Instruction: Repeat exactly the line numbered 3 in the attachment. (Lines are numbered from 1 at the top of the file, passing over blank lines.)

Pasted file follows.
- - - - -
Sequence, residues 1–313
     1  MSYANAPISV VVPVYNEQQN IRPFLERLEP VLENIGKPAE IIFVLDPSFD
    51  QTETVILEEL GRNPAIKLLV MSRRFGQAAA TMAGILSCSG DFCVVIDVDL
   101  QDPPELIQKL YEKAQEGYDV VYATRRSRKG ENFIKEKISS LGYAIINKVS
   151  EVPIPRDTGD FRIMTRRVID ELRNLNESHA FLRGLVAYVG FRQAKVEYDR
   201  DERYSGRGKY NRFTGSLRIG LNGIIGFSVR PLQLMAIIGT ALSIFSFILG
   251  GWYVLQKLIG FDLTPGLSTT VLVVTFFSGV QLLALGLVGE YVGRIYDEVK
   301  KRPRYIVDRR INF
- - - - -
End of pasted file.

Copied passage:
    51  QTETVILEEL GRNPAIKLLV MSRRFGQAAA TMAGILSCSG DFCVVIDVDL